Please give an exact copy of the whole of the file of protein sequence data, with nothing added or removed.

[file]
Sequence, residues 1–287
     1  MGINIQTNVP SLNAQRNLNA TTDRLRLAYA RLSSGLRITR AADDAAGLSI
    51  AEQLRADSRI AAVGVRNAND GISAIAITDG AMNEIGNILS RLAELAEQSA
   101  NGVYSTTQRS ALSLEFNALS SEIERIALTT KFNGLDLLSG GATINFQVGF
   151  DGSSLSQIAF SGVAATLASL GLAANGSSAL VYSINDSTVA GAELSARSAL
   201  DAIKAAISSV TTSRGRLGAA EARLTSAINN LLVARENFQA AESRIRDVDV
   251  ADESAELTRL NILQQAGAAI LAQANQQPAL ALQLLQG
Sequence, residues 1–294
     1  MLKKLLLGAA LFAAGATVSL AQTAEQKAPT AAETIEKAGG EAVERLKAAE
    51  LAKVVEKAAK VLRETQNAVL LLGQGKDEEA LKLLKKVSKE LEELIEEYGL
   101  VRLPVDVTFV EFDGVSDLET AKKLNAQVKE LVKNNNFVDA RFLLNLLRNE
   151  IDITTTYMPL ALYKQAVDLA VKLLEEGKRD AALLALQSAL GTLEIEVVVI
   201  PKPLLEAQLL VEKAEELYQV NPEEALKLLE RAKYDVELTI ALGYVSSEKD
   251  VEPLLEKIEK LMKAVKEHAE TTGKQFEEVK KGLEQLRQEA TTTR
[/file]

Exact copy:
Sequence, residues 1–287
     1  MGINIQTNVP SLNAQRNLNA TTDRLRLAYA RLSSGLRITR AADDAAGLSI
    51  AEQLRADSRI AAVGVRNAND GISAIAITDG AMNEIGNILS RLAELAEQSA
   101  NGVYSTTQRS ALSLEFNALS SEIERIALTT KFNGLDLLSG GATINFQVGF
   151  DGSSLSQIAF SGVAATLASL GLAANGSSAL VYSINDSTVA GAELSARSAL
   201  DAIKAAISSV TTSRGRLGAA EARLTSAINN LLVARENFQA AESRIRDVDV
   251  ADESAELTRL NILQQAGAAI LAQANQQPAL ALQLLQG
Sequence, residues 1–294
     1  MLKKLLLGAA LFAAGATVSL AQTAEQKAPT AAETIEKAGG EAVERLKAAE
    51  LAKVVEKAAK VLRETQNAVL LLGQGKDEEA LKLLKKVSKE LEELIEEYGL
   101  VRLPVDVTFV EFDGVSDLET AKKLNAQVKE LVKNNNFVDA RFLLNLLRNE
   151  IDITTTYMPL ALYKQAVDLA VKLLEEGKRD AALLALQSAL GTLEIEVVVI
   201  PKPLLEAQLL VEKAEELYQV NPEEALKLLE RAKYDVELTI ALGYVSSEKD
   251  VEPLLEKIEK LMKAVKEHAE TTGKQFEEVK KGLEQLRQEA TTTR